Keep in mind that your role as a professor is not to treat people with serious psychological problems.  

Does Learned Optimism Work?  

Diablo Valley College and the University of Pennsylvania are participating in a Resiliency Project studying explanatory styles and learned optimism.  The learned resiliency model begins with the premise that emotion and behavior follow from thoughts and beliefs that may be out-moded or over-personalized, and from the errors in logic mentioned above. 

The focus on: 

  • Optimism over pessimism
  • Accurate thinking, realistic beliefs
  • Developing alternatives and persistence, leading to increased confidence
  • Improved mood, persistence, success

 may have profound implications for:

  • Students with school-related anxiety
  • Students lacking in basic skills
  • Re-entry Students

In addition to teaching students to change their explanatory styles (internal dialogues), educators can build resilience by fostering:   

  • Physical competence. Good health provides protection. Students, without their basic needs met, cannot learn. The College Health Services can provide appropriate health, social and mental health resources. Encourage and model fitness, nutrition, rest, recreation and other positive health habits.  

  • Community Competence: Create opportunities to enhance cultural pride; provide mentoring programs by utilizing community volunteers, concerned parents and elders, local business people, friends and advisors.  Become familiar with community resources that might assist students, for example legal aid and public health resources.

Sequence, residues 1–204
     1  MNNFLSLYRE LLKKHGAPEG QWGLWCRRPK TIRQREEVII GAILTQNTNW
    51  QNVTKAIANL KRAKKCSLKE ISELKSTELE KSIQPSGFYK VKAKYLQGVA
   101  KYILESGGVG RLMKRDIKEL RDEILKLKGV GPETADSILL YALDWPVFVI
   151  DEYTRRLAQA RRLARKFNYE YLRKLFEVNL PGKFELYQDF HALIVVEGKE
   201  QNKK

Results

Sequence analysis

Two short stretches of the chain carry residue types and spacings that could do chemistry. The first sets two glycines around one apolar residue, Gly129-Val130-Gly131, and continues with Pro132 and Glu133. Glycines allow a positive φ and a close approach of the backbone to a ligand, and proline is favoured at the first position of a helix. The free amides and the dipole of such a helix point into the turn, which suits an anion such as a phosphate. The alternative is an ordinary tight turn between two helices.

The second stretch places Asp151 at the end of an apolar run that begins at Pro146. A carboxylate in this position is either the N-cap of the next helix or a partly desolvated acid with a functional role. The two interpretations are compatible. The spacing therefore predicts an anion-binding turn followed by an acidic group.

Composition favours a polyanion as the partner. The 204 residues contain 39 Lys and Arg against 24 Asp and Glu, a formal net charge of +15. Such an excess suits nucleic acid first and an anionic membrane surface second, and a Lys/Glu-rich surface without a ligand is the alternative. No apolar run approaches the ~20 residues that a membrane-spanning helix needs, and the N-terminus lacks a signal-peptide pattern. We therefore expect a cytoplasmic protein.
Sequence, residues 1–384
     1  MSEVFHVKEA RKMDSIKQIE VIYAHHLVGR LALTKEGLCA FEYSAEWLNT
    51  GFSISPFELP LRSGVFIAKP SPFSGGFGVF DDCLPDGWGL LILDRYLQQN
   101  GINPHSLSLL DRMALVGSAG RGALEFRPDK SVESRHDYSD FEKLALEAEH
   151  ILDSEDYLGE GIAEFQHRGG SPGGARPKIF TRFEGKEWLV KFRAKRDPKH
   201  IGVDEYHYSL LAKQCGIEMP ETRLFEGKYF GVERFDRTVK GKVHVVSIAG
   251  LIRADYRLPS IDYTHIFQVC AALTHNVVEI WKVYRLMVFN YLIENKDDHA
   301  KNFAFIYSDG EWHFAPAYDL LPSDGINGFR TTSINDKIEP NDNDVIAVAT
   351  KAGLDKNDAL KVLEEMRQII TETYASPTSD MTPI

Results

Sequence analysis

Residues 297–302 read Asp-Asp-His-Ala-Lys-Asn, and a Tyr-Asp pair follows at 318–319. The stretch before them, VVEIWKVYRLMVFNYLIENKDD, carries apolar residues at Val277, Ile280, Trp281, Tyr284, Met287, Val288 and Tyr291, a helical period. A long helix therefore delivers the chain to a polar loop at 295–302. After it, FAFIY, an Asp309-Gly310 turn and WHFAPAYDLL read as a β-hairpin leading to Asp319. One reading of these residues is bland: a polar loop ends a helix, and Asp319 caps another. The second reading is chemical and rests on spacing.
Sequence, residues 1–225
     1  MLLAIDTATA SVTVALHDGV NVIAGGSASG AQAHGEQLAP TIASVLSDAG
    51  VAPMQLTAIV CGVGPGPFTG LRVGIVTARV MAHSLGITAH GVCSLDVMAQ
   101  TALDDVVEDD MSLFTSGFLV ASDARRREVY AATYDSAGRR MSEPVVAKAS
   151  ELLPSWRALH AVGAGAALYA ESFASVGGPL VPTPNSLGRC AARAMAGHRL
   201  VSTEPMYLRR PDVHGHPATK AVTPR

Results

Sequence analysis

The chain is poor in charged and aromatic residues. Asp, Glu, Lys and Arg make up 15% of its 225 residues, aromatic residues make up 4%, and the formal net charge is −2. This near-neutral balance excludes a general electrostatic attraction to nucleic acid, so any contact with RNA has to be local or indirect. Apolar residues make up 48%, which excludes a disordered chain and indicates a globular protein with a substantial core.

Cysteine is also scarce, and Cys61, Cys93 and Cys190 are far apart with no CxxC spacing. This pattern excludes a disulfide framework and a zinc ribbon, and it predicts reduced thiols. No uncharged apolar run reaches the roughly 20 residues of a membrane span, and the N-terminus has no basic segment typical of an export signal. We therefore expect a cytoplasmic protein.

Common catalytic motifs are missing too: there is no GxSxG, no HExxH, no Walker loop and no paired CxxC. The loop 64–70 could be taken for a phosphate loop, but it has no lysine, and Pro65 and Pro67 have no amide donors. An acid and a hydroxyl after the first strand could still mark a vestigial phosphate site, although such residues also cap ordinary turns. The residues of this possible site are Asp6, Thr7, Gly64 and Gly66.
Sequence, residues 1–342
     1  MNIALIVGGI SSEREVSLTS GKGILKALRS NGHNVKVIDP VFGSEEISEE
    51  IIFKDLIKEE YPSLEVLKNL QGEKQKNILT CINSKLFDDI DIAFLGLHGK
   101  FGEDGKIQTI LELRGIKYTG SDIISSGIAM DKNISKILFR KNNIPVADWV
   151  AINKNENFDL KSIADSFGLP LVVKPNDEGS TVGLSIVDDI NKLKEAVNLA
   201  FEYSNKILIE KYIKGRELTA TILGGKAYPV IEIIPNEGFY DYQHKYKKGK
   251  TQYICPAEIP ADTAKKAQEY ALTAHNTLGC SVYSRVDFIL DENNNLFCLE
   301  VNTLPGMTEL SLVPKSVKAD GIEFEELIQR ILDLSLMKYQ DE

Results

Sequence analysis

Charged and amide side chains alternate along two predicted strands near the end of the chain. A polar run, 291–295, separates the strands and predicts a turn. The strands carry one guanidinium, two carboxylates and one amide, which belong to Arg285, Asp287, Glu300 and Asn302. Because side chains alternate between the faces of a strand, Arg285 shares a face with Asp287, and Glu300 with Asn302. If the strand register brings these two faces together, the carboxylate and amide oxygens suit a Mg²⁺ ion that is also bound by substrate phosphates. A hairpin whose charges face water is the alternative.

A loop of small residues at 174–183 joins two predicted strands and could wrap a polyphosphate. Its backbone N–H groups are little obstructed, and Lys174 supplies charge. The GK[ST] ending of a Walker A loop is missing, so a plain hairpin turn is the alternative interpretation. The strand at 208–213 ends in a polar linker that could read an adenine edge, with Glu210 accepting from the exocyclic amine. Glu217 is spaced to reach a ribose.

• Cognitive Competence: Encourage creativity, social and life skills training, career awareness, communication, problem solving and decision-making skills, resistance skills training, and a sense of humor! 
  • Moral Competence: Educators can direct students to become involved in campus and community projects.  Peer health education programs, campus clubs and organizations, and student government provide opportunities to contribute which enrich both the student and the world. 

  • Spiritual Competence: Educators have the opportunity to share and convey the meaning of their lives with students. Faith in something beyond the self is helpful in overcoming adversity and living a constructive life. 

  • Caring Relationships: “Reciprocal, caring, respectful and participatory relationships are the critical determining factors in whether a student learns…whether a program or strategy is effective, whether an educational change is sustained, and ultimately, whether a youth feels he or she has a place in society” (Bernard, 1995). The literature supports that resilient individuals point to a teacher who made the difference. “Adolescents who viewed their teachers as providing both academic and emotional support were less likely to experience alienation or emotional distress” (Roeser, Eccles, and Sameroff, 1998). Diero (1996) gives the following strategies for making healthy connections:

    • Create one-to-one time with students; 

    • Use appropriate self-disclosure; 

    • Maintain high expectations of students; 

    • Networking with family, friends and neighbors of students; 

    • Building a sense of community among students within the classroom; 

    • Utilizing rituals and traditions in the classroom. 

     “Maintaining your own mental health is critical to bringing out healthier levels of functioning in students.”   - Diero, 1996

Educators are in a prime position to foster students' resilience -- not merely survival -- in the face of adversity.  Through your teaching and interactions with students, you can promote the pure joy and self confidence that learning can bring.  Keeping resilient people resilient, and teaching non-resilient people how to become more resilient, is an important part of your job.

Specific examples of strategies that instructors have used to build resiliency and community among students are detailed in the Apply section.